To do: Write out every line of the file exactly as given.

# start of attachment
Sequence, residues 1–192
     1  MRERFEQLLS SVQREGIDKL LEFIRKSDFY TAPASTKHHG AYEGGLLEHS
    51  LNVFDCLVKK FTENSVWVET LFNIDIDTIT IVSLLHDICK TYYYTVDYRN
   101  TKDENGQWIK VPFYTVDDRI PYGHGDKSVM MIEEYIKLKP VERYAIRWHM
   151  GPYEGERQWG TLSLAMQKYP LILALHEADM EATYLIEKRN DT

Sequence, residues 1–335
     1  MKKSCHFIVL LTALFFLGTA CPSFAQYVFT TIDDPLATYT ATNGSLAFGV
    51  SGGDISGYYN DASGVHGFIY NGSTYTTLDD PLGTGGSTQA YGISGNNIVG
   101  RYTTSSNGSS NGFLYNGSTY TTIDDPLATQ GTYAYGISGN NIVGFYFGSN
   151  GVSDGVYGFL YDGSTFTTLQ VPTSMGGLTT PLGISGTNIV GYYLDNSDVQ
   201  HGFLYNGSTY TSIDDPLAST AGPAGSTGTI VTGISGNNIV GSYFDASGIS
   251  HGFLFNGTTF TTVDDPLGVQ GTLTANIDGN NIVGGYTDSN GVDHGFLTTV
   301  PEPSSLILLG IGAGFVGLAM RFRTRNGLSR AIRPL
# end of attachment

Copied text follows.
Sequence, residues 1–192
     1  MRERFEQLLS SVQREGIDKL LEFIRKSDFY TAPASTKHHG AYEGGLLEHS
    51  LNVFDCLVKK FTENSVWVET LFNIDIDTIT IVSLLHDICK TYYYTVDYRN
   101  TKDENGQWIK VPFYTVDDRI PYGHGDKSVM MIEEYIKLKP VERYAIRWHM
   151  GPYEGERQWG TLSLAMQKYP LILALHEADM EATYLIEKRN DT

Sequence, residues 1–335
     1  MKKSCHFIVL LTALFFLGTA CPSFAQYVFT TIDDPLATYT ATNGSLAFGV
    51  SGGDISGYYN DASGVHGFIY NGSTYTTLDD PLGTGGSTQA YGISGNNIVG
   101  RYTTSSNGSS NGFLYNGSTY TTIDDPLATQ GTYAYGISGN NIVGFYFGSN
   151  GVSDGVYGFL YDGSTFTTLQ VPTSMGGLTT PLGISGTNIV GYYLDNSDVQ
   201  HGFLYNGSTY TSIDDPLAST AGPAGSTGTI VTGISGNNIV GSYFDASGIS
   251  HGFLFNGTTF TTVDDPLGVQ GTLTANIDGN NIVGGYTDSN GVDHGFLTTV
   301  PEPSSLILLG IGAGFVGLAM RFRTRNGLSR AIRPL